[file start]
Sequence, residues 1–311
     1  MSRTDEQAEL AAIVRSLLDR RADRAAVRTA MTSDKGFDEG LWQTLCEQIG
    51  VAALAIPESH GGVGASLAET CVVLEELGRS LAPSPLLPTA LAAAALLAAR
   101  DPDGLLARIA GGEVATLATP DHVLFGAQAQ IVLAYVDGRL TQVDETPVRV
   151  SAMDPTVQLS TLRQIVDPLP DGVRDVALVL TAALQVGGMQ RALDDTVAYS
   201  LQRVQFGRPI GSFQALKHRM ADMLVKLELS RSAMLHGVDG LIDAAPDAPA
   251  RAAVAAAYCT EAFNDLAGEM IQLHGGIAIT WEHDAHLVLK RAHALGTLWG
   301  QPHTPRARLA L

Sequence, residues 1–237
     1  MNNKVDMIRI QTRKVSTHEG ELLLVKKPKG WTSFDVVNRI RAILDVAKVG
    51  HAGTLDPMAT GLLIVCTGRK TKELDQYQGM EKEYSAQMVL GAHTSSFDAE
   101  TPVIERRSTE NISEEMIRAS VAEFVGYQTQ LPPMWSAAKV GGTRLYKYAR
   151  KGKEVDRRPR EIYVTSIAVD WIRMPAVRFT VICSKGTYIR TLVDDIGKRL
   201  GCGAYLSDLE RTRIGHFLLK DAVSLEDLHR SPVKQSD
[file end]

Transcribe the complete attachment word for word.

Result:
Sequence, residues 1–311
     1  MSRTDEQAEL AAIVRSLLDR RADRAAVRTA MTSDKGFDEG LWQTLCEQIG
    51  VAALAIPESH GGVGASLAET CVVLEELGRS LAPSPLLPTA LAAAALLAAR
   101  DPDGLLARIA GGEVATLATP DHVLFGAQAQ IVLAYVDGRL TQVDETPVRV
   151  SAMDPTVQLS TLRQIVDPLP DGVRDVALVL TAALQVGGMQ RALDDTVAYS
   201  LQRVQFGRPI GSFQALKHRM ADMLVKLELS RSAMLHGVDG LIDAAPDAPA
   251  RAAVAAAYCT EAFNDLAGEM IQLHGGIAIT WEHDAHLVLK RAHALGTLWG
   301  QPHTPRARLA L

Sequence, residues 1–237
     1  MNNKVDMIRI QTRKVSTHEG ELLLVKKPKG WTSFDVVNRI RAILDVAKVG
    51  HAGTLDPMAT GLLIVCTGRK TKELDQYQGM EKEYSAQMVL GAHTSSFDAE
   101  TPVIERRSTE NISEEMIRAS VAEFVGYQTQ LPPMWSAAKV GGTRLYKYAR
   151  KGKEVDRRPR EIYVTSIAVD WIRMPAVRFT VICSKGTYIR TLVDDIGKRL
   201  GCGAYLSDLE RTRIGHFLLK DAVSLEDLHR SPVKQSD